SAN JOSE -- Hundreds of soccer fans packed the lawn of a downtown city park on Sunday, waving their arms and shouting their joy when a giant video screen showed the United States scoring what appeared to be a decisive goal in the World Cup.

Minutes later, they released a collective groan as Portugal came back to tie the score and finish the game, which was played nearly 5,000 miles away in tropical Brazil.

For the two hours leading up to that sudden letdown, the crowd eagerly cheered and jeered every twist and turn in the game, while tooting plastic horns and chatting amiably with strangers who became their temporary neighbors on a patch of green at St. James Park, near the old Santa Clara County courthouse.

"I never imagined soccer would become so popular here in the United States. Look at this!" exclaimed Sudeep Roy, a middle-aged Silicon Valley executive who said he's been an avid player and fan of the sport since his boyhood in India.

Moments earlier, he had jumped out of his lawn chair to exchange high-fives with members of another family sitting behind him. "There's so much energy here," he added. "It's fun."

Fun and free

Sunday's event was the latest in a series of outdoor World Cup viewings organized by the San Jose Downtown Association, the San Jose Earthquakes soccer franchise and the city's Office of Economic Development. Earlier games in the tournament were shown live on a big screen at nearby Plaza de Cesar Chavez, but fans said Sunday's event was bigger -- the crowd appeared to number 500 or more -- and noisier.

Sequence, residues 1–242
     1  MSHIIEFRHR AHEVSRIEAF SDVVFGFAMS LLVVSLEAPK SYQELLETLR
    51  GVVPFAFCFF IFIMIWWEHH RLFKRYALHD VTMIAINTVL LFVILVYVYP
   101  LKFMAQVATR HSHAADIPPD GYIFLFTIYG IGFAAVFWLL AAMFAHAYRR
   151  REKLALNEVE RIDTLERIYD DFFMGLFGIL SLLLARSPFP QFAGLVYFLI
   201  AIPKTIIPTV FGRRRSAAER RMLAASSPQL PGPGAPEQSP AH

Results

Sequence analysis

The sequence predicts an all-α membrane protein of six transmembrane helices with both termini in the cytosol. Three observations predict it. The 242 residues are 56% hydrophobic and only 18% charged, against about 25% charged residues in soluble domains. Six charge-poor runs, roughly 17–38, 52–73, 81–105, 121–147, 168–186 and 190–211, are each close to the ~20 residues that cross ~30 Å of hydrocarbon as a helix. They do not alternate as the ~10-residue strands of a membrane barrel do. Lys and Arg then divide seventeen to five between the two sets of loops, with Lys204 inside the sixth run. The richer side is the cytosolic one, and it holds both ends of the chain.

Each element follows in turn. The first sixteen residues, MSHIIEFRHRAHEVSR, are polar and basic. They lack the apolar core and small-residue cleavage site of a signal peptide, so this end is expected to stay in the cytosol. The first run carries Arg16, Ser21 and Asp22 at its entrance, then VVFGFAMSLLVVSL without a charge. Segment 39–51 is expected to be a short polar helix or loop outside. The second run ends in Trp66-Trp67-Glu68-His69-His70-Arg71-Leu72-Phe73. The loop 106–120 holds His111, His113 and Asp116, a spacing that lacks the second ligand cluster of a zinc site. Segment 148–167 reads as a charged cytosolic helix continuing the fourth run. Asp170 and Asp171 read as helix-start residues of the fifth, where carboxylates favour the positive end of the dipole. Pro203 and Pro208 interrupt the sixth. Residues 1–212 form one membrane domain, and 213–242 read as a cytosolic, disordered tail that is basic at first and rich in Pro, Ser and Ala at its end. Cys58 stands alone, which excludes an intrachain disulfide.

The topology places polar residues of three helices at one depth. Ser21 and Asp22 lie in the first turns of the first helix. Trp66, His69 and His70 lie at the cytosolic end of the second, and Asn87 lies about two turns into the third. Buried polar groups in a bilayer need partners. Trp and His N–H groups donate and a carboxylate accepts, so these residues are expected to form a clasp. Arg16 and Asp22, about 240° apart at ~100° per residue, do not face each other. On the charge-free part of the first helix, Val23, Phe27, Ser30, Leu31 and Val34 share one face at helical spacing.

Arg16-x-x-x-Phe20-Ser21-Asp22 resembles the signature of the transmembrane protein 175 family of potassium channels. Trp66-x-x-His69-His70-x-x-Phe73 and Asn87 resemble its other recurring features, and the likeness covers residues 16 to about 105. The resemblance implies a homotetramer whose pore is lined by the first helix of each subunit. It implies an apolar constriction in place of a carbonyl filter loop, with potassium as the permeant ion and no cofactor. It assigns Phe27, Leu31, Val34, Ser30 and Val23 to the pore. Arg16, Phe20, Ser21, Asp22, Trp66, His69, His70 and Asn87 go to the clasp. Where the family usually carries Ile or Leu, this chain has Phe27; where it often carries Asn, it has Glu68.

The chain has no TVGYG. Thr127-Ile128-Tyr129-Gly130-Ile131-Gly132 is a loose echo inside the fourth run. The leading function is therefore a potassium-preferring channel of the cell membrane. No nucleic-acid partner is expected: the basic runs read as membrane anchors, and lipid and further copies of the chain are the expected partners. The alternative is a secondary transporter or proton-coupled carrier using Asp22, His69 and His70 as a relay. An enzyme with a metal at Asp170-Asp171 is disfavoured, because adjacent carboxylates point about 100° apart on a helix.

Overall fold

"It's amazing," said Brandon Lewis, a 27-year-old Cisco Systems employee who stood watching the game with his girlfriend, 27-year-old banker Larissa Nelson. Lewis wore a blanket-sized American flag as a cape over his shoulders. A second U.S. flag waved from a long pole in one hand, while a cold beer nestled comfortably in the other.

"When people start doing the cheers, and you're outside like this, it gives you the feeling that you're at the game," said Lewis. "It almost makes you feel like you're part of the team."

The crowd was mostly a mix of young adults and families, who said they preferred watching the game from a blanket outdoors rather than packing into a restaurant or bar. Admission was free and the atmosphere was friendly, though a few cops and security workers kept a watchful eye.

Diverse fan base

"There's a sense of community here," said Chris Noyes, a 29-year-old accountant from Sunnyvale who had painted red and white stripes on one half of his face, with white stars on a blue background covering the other half.

Flags were everywhere, on shirts, hats and bandannas, although most people didn't paint their faces with anything more than sunblock. And some were happy to admit they're not serious soccer fans.

"I'm more into baseball and football," said Esteban Franco, a San Jose construction worker, who sat in a row of lawn chairs with his wife, Anna, and their two daughters. Franco said he'd noticed a viewing party last week while driving past Plaza de Cesar Chavez, and decided that Sunday's event would be a fun experience for his girls.

"They play softball," Anna Franco said of 8-year-old Malia and her 5-year-old sister, Isabella, "but I think they might go for soccer this year."

The next outdoor World Cup viewings in San Jose are scheduled for July 4 and July 5 at St. James Park. More information can be found at www.sjearthquakes.com/summerofsoccer.

Contact Brandon Bailey at 408-920-5022 or follow him at Twitter.com/BrandonBailey.